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Opinions Dec. 13, 2011

December 13, 2011
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7th Circuit Court of Appeals had posted no Indiana opinions at IL deadline.

Indiana Supreme Court

Steven Spangler and Heidi Brown v. Barbara Bechtel, Expectations Women's Health and
Childbearing Center, and St. Vincent Randolph Hospital

49S05-1012-CV-703
Civil. Reverses summary judgment in favor of Bechtel and the health and childbearing center. The parents’ separate actions seeking damages for emotional distress from experiencing the stillbirth of their child are not barred by the Indiana Child Wrongful Death Act or the Indiana Medical Malpractice Act. Remands for further proceedings.

Indiana Court of Appeals
Richard M. Clokey v. Penny M. Bosley Clokey
84A01-1009-DR-450
Domestic relation. On rehearing, clarifies the issue of Richard Clokey’s ability to satisfy the maintenance obligation. Even though the trial court did not state so explicitly, the court considered his sources of income and his ability to pay the maintenance. Affirms original opinion in every respect.

Richard and Elizabeth Ryan v. Lawyers Title Insurance Corp. and Elaine E. English d/b/a Agri-Town Agency
56A03-1101-PL-75
Civil plenary. Affirms summary judgment in favor of Lawyers Title Insurance Corp. and English. The right of first refusal here was personal and terminated upon the death of Mary Keen as the last surviving grantor of the right. Under the terms of the purchase agreement, the Ryans’ right arose only if the Keens as the sellers offered the land for sale. Judge Baker concurs with separate opinion.

Robert E. Posey v. State of Indiana (NFP)
84A01-1103-CR-97
Criminal. Affirms conviction of Class A felony child molesting.

Donald Hurm v. State of Indiana (NFP)
82A01-1101-CR-21
Criminal. Affirms convictions of two counts of Class A felony child molesting and one count of Class C felony child molesting and remands with instructions to revise Hurm’s sentence. Judge Kirsch dissents in part.

The Huntington National Bank v. George P. Broadbent (NFP)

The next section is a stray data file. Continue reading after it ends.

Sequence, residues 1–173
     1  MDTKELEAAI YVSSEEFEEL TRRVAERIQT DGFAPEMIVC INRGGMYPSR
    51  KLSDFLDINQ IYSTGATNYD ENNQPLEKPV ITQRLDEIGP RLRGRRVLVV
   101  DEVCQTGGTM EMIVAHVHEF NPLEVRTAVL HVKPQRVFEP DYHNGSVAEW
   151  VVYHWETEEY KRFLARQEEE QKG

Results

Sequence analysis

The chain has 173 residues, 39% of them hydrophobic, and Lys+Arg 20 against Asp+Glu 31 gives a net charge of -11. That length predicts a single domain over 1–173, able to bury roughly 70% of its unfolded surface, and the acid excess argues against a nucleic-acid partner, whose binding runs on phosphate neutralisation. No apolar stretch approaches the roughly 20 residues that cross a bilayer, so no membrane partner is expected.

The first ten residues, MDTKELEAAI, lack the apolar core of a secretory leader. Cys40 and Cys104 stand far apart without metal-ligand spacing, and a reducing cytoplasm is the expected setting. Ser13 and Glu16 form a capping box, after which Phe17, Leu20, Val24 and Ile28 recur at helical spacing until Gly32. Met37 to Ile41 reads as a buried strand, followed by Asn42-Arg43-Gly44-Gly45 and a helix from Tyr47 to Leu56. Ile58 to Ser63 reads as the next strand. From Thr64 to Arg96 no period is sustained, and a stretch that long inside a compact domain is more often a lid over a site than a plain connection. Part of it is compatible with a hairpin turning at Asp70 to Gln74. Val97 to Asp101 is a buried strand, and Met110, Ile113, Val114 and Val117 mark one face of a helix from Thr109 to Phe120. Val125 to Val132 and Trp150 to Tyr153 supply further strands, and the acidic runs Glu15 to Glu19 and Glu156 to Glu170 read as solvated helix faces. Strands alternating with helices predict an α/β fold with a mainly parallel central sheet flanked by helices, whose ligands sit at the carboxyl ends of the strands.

49A05-1012-CC-759
Civil collection. Reverses denial of Huntington’s motion for summary judgment and remands with instructions to enter summary judgment in favor of the bank and conduct a hearing to determine reasonable attorney fees.

Clifton J. Savage v. State of Indiana (NFP)
49A05-1104-CR-196
Criminal. Vacates Class D felony theft conviction and remands to the trial court to enter judgment accordingly. Affirms convictions of Class B felony burglary, Class C felony battery and Class A misdemeanor battery.

Nicholas Ryan v. State of Indiana (NFP)
49A02-1103-CR-230
Criminal. Reverses five convictions of Class B felony criminal confinement, but affirms five other convictions of Class B felony criminal confinement and eight Class B felony robbery convictions. Affirms sentence and remands to the trial court to amend its sentencing order and abstract of judgment.

M. Dale Palmer v. Kay Palmer (NFP)
32A01-1103-DR-108
Domestic relation. Affirms trial court’s property division in dissolution proceedings.

Edna Kelly v. Johnny Conway, d/b/a Conway Service (NFP)
49A02-1008-PL-1029
Civil plenary. Affirms judgment for Conway in suit alleging breach of contract.

Almaz M. Whyte v. Sam Christie (NFP)
45A05-1010-SC-749
Small claim. Affirms judgment in favor of Christie and against Whyte for $5,250 for the balance due on a verbal loan agreement made between the parties.

Indiana Tax Court had posted no opinions at IL deadline.
 

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  1. Hail to our Constitutional Law Expert in the Executive Office! “What you’re not paying attention to is the fact that I just took an action to change the law,” Obama said.

  2. What is this, the Ind Supreme Court thinking that there is a separation of powers and limited enumerated powers as delegated by a dusty old document? Such eighteen century thinking, so rare and unwanted by the elites in this modern age. Dictate to us, dictate over us, the massess are chanting! George Soros agrees. Time to change with times Ind Supreme Court, says all President Snows. Rule by executive decree is the new black.

  3. I made the same argument before a commission of the Indiana Supreme Court and then to the fedeal district and federal appellate courts. Fell flat. So very glad to read that some judges still beleive that evidentiary foundations matter.

  4. KUDOS to the Indiana Supreme Court for realizing that some bureacracies need to go to the stake. Recall what RWR said: "No government ever voluntarily reduces itself in size. Government programs, once launched, never disappear. Actually, a government bureau is the nearest thing to eternal life we'll ever see on this earth!" NOW ... what next to this rare and inspiring chopping block? Well, the Commission on Gender and Race (but not religion!?!) is way overdue. And some other Board's could be cut with a positive for State and the reputation of the Indiana judiciary.

  5. During a visit where an informant with police wears audio and video, does the video necessary have to show hand to hand transaction of money and narcotics?

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